Most years the last few Remnants games of the season are an exercise in frustration, as a club full of players who can't believe where the summer has gone try to defy short evenings and awful weather to get in a few more games before all Cambridge's cricket grounds get turned into football pitches. But not this year. After an early start last night allowed us to play an entire extra innings against Cambridge Consultants, a combination of clear skies and punctual players meant we got to play an (almost) full-length game without any serious light problems.
It was The Travelling Theatre who were the most punctual, and hence got to bowl first, although they weren't able to make much of an impact on Remnants opening pair John Richer (42 off 40 balls) or Naveen Chouksey (44* off 36 balls). They put on an 85-run opening partnership that combined some elegant pulls (particularly from John) and a pleasing number of agricultural shots (from both players). It could have been even worse for the thespians if not for some great stops by Ferdi Rex, who seemed to be fielding every ball at one point, and Geoff Hales, who made several spectacular diving saves. The first was witnessed by Jess Norman who, once she'd lifted her jaw up off the ground, opined "I didn't know he could do that!" to which Sal replied that "He used to do that all the time a few years ago" and then added something about him being called "the whale". Geoff's second such save was followed by a quick throw to bowler Andy Owen, who whipped off the bails with the batsman, Olly Rex, rushing to try and complete a quick single. Umpire Richard Rex raised his finger, hence causing immediate family mayhem on the boundary, where most of the rest of the family were aghast at the decision - one can only hope that Richard's integrity in that situation can not be corrupted by offers of extra helpings at future family meals.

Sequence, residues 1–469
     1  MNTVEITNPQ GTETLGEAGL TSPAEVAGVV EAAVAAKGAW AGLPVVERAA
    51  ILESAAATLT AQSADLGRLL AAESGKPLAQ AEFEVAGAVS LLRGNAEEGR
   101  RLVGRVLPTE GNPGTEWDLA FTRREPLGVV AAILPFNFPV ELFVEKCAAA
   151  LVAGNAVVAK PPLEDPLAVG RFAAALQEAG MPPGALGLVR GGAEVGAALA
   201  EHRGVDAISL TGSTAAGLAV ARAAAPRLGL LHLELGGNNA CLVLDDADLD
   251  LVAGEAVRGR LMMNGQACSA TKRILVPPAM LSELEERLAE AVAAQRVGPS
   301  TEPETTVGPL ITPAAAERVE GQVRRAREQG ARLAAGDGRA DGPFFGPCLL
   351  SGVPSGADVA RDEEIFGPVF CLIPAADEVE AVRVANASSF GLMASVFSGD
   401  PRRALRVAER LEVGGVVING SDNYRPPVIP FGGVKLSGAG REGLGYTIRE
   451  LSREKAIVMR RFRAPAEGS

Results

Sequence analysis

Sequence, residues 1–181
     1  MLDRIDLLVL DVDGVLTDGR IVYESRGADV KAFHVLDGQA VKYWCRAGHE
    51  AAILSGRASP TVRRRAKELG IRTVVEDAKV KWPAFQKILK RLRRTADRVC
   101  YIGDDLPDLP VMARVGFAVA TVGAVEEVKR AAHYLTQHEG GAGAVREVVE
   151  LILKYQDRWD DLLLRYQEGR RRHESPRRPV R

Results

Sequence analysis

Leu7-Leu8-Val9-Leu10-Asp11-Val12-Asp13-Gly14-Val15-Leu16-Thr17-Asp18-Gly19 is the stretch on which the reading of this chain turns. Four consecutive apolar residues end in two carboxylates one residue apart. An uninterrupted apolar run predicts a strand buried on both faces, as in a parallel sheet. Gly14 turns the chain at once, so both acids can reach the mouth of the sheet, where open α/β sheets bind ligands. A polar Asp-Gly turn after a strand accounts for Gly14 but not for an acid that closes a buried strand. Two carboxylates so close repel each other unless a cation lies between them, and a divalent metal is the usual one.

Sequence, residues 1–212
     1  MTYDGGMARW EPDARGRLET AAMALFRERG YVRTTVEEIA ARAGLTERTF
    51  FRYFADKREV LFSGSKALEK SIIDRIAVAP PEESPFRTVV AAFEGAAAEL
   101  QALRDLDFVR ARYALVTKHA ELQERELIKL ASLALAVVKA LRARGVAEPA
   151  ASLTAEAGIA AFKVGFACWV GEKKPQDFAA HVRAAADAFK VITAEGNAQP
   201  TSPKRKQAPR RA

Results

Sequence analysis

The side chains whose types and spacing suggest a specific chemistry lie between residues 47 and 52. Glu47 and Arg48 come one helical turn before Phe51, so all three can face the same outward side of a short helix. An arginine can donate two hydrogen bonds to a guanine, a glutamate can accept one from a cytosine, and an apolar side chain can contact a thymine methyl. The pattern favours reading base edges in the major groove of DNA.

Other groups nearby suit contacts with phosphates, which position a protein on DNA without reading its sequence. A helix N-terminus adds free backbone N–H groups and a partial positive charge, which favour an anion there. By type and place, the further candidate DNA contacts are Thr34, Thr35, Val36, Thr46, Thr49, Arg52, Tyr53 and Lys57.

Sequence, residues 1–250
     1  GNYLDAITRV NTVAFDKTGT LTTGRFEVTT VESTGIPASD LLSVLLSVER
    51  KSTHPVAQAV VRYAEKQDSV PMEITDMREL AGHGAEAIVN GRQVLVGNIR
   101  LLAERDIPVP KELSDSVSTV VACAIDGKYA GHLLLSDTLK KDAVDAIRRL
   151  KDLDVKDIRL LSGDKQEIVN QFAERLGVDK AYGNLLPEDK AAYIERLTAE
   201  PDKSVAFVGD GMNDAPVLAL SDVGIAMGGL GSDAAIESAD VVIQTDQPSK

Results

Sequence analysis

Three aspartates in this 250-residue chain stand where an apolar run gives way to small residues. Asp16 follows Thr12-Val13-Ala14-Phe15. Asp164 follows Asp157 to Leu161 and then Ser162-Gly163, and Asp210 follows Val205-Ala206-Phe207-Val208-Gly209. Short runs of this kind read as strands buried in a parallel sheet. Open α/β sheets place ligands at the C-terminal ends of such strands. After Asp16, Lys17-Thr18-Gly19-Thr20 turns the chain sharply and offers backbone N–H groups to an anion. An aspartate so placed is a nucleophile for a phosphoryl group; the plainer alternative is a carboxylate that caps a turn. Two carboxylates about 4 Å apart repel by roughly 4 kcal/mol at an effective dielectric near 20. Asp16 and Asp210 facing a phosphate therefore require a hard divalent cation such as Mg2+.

The run out occurred during a late period of dominance by The Travelling Theatre duing which Martyn Waterfall (1/27), Andy Owen (1/10) and Ferdi Rex (2/23) all took wickets and Naveen retired "exhausted". But with Tom Jordan (10* off 13 balls) ensuring the late-innings scoring didn't dry up completely, it was clearly Remnants who ahead at the inter-innings break.
A total of 123 in a shortened late-season game felt like it was going to be hard to chase down, and a difficult task was quickly converted to the near-impossible as Faruk Kara (3/21) and Naveen Chouksey (0/3) bowled a couple of hyper-economical opening spells. Tom Serby (34 off 39 balls) and Steve Attmore (10 off 30 balls) both struggled to score freely, and suddenly The Travelling Theatre were in real trouble at 41/1 off 8 (eight-ball) overs. Scoring 83 off 48 balls wasn't quite impossible, however, especially with the likes of Dave Norman, Andy Owen and George Speller waiting to come in. The difference was that tonight the three of them made a total of 3 off 5 balls between them, in large part because the desperation of the situation was just too great by the time they got in. Probably the key moment was when Tom Jordan (3/16) got his first ball to Dave to stay low, smashing into the off-stump about six inches off the ground. This also left Tom on a hat-trick, although he'll have to wait until next season to see if he can get three wickets in three balls. (Not that you should feel too sorry for him, though, as his spell tonight has seen him leap to the top of the bowling averages, his superb haul of 25 wickets at 9.64 puttin him just ahead of Faruk, with "only" 14 wickets at 9.86.) As the game wound down Remnants took the opportunity to take some nifty catches, as Faruk (twice) and John Moore standing firm under those horrible spiralling edges that everyone hates. The only bright light for The Theatre was the batting of prodigal party athlete Jack Anderson, who smashed 32* off just 21 balls to at least give his team's total an air of respectability. He even managed to score 8 off the last delivery of the match, smashing the ball the mid-wicket boundary before everyone headed off . . . only for the scorer's insisntant calls that there was still one ball left to give Jack the opporunity of repeating the stroke.
Rather than just filing off the field, however, members of both teams formed a higgeldy-piggeldy guard of honour for Geoff, who today had played his 400th Remnants game. In true thespian style he milked the moment when, having noticed the guard forming, suddenly decided he was going to detour to pick up the bowlers' markers, thus prolonging the dramatic tension. After that there was nothing for it but the usual post-match ritual of eating bags of out-of-date crisps while discussing the physics of swing bowling . . .